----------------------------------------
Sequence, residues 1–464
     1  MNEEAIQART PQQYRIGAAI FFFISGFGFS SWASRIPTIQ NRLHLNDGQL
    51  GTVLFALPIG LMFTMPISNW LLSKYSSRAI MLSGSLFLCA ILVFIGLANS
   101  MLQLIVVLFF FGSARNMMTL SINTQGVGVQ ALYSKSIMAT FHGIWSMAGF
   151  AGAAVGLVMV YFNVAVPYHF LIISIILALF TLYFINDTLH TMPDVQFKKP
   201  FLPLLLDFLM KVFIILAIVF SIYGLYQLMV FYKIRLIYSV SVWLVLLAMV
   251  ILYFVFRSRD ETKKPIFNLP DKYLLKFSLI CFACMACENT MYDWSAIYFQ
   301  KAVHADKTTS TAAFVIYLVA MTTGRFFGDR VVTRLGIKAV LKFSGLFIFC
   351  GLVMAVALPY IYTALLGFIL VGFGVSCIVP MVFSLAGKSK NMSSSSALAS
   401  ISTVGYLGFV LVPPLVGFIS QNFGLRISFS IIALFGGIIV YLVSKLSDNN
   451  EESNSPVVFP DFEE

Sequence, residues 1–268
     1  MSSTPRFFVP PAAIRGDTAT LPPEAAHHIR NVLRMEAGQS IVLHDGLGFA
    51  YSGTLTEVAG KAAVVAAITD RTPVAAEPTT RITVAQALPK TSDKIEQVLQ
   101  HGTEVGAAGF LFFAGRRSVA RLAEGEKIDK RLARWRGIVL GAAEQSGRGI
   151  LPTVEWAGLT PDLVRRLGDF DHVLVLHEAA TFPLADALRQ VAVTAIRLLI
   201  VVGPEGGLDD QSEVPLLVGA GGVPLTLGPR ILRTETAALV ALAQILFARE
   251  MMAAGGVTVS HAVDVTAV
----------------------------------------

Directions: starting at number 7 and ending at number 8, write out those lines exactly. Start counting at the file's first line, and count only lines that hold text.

   251  ILYFVFRSRD ETKKPIFNLP DKYLLKFSLI CFACMACENT MYDWSAIYFQ
   301  KAVHADKTTS TAAFVIYLVA MTTGRFFGDR VVTRLGIKAV LKFSGLFIFC